Quantum tunneling of water

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The quantum tunneling of water occurs when water molecules in nanochannels exhibit quantum tunneling behavior that smears out the positions of the hydrogen atoms into a pair of corrugated rings.[1] In that state, the water molecules become delocalized around a ring and assume an unusual double top-like shape. At low temperatures, the phenomenon showcases the quantum motion of water through the separating potential walls, which is forbidden in classical mechanics, but allowed in quantum mechanics.[2]

The quantum tunneling of water occurs under ultraconfinement in rocks, soil and cell walls.[2] The phenomenon is predicted to help scientists better understand the thermodynamic properties and behavior of water in confined environments such as water diffusion, transport in the channels of cell membranes and in carbon nanotubes.


Quantum tunneling in water was reported as early as 1992. At that time it was known that motions can destroy and regenerate the weak hydrogen bond by internal rotations of the substituent water monomers.[3]

On 18 March 2016, it was reported that the hydrogen bond can be broken by quantum tunneling in the water hexamer. Unlike previously reported tunneling motions in water, this involved the concerted breaking of two hydrogen bonds.[4]

On 22 April 2016, the journal Physical Review Letters reported the quantum tunneling of water molecules as demonstrated at the Spallation Neutron Source and Rutherford Appleton Laboratory. First indications of this phenomenon were seen by scientists from Russia and Germany in 2013[5] based on the splitting of terahertz absorption lines of a water molecule captured in five-ångström channels in beryl. Subsequently it was directly observed using neutron scattering and analyzed by ab initio simulations.[6] In a beryl channel, the water molecule can occupy six symmetrical orientations, in agreement with the known crystal structure.[1] A single orientation has the oxygen atom approximately in the center of the channel, with the two hydrogens pointing to the same side toward one of the channel’s six hexagonal faces. Other orientations point to other faces, but are separated from each other by energy barriers of around 50 meV.[1] These barriers, however, do not stop the hydrogens from tunneling among the six orientations and thus split the ground state energy into multiple levels.[1]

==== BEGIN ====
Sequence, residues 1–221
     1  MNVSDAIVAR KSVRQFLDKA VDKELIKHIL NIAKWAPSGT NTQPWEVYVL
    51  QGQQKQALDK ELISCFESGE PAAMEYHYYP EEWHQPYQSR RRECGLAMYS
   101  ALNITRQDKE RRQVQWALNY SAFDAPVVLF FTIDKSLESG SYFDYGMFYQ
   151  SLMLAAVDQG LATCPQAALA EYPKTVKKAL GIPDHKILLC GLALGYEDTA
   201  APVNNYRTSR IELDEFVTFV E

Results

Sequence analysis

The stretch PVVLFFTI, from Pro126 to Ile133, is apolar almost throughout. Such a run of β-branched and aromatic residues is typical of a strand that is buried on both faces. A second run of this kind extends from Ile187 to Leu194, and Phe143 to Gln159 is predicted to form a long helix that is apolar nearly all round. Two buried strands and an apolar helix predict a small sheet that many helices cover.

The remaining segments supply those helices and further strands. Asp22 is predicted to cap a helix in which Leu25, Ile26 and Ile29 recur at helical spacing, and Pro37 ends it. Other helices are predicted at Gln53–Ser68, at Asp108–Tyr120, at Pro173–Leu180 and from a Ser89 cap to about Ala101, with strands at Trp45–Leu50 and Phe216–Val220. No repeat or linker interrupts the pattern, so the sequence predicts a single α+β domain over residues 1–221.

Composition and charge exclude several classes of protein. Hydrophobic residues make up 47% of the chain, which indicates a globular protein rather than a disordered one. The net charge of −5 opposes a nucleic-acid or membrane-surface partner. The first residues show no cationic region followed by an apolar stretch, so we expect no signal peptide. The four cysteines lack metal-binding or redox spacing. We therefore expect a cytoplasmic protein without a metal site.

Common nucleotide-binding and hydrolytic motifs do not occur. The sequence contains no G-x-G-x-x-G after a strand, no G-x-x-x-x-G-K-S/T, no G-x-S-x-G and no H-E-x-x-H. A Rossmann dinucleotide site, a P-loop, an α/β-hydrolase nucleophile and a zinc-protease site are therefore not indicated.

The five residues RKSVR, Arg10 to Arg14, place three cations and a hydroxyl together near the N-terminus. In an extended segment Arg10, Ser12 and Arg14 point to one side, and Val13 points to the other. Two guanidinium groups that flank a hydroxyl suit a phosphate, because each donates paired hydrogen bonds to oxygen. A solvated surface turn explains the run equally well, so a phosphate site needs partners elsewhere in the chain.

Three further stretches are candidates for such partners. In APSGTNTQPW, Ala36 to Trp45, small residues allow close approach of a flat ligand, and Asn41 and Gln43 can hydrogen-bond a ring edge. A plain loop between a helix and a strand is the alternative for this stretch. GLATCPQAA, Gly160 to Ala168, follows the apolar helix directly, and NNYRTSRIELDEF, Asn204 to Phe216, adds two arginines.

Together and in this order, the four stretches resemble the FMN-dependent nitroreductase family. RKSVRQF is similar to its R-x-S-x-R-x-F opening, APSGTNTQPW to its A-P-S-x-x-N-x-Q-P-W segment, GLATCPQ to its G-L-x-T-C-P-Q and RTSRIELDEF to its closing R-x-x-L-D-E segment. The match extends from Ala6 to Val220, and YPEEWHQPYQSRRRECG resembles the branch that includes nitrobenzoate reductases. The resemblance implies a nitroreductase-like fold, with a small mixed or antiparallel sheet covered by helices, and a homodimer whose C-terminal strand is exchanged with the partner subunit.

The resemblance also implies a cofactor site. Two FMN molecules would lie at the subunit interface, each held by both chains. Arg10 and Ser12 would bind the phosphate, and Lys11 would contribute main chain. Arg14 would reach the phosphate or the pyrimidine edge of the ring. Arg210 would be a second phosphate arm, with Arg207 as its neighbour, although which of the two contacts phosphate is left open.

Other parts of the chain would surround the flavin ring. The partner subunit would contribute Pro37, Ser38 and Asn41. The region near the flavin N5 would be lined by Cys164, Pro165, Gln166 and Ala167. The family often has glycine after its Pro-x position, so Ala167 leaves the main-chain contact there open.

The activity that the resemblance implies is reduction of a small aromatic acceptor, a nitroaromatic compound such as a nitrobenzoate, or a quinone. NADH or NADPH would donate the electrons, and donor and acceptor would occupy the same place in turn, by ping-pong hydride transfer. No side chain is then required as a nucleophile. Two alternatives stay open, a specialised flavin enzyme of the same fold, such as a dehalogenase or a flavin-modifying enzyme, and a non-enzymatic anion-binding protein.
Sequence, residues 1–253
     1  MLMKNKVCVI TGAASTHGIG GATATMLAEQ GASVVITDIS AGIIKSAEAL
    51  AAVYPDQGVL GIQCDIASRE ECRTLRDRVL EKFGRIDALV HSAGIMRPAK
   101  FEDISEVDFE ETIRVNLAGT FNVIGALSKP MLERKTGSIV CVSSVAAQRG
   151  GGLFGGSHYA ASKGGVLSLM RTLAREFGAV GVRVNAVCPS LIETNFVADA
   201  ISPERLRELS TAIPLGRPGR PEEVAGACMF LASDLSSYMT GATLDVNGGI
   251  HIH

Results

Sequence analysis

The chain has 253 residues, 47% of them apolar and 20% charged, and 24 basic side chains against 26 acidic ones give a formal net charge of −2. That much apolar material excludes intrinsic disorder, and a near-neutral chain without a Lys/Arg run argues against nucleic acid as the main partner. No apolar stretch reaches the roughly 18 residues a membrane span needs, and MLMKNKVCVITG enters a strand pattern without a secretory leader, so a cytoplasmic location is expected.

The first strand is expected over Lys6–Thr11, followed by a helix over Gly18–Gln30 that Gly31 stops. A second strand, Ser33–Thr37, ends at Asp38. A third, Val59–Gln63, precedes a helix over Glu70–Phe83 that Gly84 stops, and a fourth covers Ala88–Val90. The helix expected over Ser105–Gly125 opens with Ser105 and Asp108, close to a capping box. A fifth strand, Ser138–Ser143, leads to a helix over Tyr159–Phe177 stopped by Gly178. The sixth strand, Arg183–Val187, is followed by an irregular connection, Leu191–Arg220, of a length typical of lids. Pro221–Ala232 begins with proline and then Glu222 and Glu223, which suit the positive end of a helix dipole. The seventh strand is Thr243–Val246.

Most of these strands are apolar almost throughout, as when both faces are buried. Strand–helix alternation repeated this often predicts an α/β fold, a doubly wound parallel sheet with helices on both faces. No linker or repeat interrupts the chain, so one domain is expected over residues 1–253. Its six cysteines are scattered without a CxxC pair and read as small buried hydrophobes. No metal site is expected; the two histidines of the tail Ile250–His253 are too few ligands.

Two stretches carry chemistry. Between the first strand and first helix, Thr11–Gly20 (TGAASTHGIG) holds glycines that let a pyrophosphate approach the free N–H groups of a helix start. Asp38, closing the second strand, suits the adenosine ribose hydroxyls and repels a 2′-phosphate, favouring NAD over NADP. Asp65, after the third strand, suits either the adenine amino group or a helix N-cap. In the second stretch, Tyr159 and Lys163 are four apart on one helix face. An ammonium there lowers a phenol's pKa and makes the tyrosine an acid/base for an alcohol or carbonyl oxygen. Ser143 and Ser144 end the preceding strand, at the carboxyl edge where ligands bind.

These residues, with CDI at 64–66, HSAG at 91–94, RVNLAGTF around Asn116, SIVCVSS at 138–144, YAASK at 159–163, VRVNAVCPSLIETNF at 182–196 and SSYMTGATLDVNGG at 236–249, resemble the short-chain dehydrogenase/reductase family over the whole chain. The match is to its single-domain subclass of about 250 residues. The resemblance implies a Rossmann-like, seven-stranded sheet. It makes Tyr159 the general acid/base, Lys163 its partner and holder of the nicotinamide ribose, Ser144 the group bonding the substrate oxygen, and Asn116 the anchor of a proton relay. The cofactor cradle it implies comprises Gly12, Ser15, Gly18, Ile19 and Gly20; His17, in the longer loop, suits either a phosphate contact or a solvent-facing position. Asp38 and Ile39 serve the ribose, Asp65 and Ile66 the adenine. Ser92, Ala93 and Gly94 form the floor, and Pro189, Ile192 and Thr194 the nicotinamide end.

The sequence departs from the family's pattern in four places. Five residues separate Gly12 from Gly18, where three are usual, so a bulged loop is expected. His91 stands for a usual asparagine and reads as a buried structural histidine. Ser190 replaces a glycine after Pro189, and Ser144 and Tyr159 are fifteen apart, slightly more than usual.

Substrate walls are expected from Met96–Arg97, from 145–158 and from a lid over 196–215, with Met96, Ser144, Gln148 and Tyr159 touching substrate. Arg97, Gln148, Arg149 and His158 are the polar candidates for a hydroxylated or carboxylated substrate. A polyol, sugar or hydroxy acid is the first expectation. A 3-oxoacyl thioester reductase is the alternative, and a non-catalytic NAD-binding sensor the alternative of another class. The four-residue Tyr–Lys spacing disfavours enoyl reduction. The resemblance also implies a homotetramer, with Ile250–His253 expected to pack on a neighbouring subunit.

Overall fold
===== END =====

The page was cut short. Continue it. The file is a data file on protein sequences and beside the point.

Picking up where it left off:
1. ^ a b c d Michael Schirber (April 22, 2016). "Focus: Water Molecule Spreads Out When Caged". Physics. 9. Retrieved 23 April 2016.
  2. ^ a b Ron Walli. "New state of water molecule discovered". Phys.org. Retrieved 23 April 2016.
  3. ^ N. Pugliano. Vibration-Rotation-Tunneling Dynamics in Small Water Clusters, Lawrence Berkeley Laboratory, November 1992, p. 6
  4. ^ Richardson et al. (18 March 2016). "Concerted hydrogen-bond breaking by quantum tunneling in the water hexamer prism". Science. 351 (6279): 1310–1313. Bibcode:2016Sci...351.1310R. doi:10.1126/science.aae0012. PMID 26989250. Retrieved 23 April 2016.CS1 maint: Uses authors parameter (link)
  5. ^ B. Gorshunov et al. (29 May 2013). "Quantum Behavior of Water Molecules Confined to Nanocavities in Gemstones". Journal of Physical Chemistry Letters. 4 (12): 2015–2020. doi:10.1021/jz400782j. PMID 26283245.CS1 maint: Uses authors parameter (link)
  6. ^ Kolesnikov et al. (22 April 2016). "Quantum Tunneling of Water in Beryl: A New State of the Water Molecule". Physical Review Letters. 116 (16): 167802. Bibcode:2016PhRvL.116p7802K. doi:10.1103/PhysRevLett.116.167802. PMID 27152824.CS1 maint: Uses authors parameter (link)